Last week we brought you the story of James Nutter, a former college baseball player in Maine who was driven toward a suicide attempt by casual homophobia. How the story came about has an equally powerful message about the impact of coming out.
Boston Herald columnist Steve Buckley came out in 2011. I've gotten to know Steve over the last two years. Great guy. Back in the day, when Steve was living in Maine, he was friends with a ballplayer named Bob Nutter. Bob is James' father. Shortly after James' aborted suicide attempt a year ago, Bob contacted his friend Steve, who then connected James with me. Steve wrote a blog post about his role in the story at the Herald Press Box.
If Steve had never come out, the father of this suicidal athlete would have had nowhere to turn. And James' story would not have been told.
Now the dominoes keep falling. James has heard from hundreds of people since his story came out, including a number of closeted athletes looking for someone to talk to. Maybe a pen pal, maybe someone who becomes a close friend. Whatever comes of it, James' public coming out on Outsports has given these closeted athletes hope and someone to talk to. When one of them comes out publicly, more athletes will connect with him. And on and on and on....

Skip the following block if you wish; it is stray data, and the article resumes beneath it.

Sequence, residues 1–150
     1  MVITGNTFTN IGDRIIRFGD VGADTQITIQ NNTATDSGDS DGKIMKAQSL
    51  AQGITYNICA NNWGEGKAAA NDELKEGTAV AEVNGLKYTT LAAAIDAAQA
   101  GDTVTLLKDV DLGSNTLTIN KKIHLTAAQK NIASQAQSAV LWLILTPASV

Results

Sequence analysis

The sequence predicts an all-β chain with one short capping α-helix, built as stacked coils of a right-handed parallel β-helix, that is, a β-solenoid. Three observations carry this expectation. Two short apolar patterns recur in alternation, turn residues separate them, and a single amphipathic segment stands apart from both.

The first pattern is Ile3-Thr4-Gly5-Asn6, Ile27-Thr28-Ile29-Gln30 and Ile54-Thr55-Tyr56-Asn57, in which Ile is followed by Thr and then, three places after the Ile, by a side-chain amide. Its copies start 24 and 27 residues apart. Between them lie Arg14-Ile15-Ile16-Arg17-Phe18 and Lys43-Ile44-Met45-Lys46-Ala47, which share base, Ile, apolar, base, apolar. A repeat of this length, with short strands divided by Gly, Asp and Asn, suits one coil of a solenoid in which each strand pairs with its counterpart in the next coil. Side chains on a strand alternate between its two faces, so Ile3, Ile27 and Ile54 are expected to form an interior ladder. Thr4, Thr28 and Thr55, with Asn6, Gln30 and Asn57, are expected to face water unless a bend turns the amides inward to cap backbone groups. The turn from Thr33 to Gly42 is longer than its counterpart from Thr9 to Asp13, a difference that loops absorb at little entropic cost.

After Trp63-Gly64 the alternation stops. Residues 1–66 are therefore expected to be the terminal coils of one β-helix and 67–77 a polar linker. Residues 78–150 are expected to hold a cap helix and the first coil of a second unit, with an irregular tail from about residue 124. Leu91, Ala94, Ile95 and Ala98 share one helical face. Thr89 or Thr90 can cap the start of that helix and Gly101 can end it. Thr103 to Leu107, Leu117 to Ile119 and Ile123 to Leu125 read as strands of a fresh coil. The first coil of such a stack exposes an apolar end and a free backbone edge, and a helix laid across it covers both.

This is why we and many others put so much emphasis on people coming out. For every person who comes out in their private life, dozens if not hundreds of people are affected, some of them straight people whose attitudes toward gay people will improve. Some of them are closeted gay youth and adults who feel they have someone to talk to.
Coming out publicly affects thousands. Tens of thousands have read the story of James Nutter. Hundreds of thousands have read the story of Steve Buckley. Millions have read the stories of Wade Davis and John Amaechi and others. There's simply no substitute for coming out. And with each coming out, another row of dominoes falls.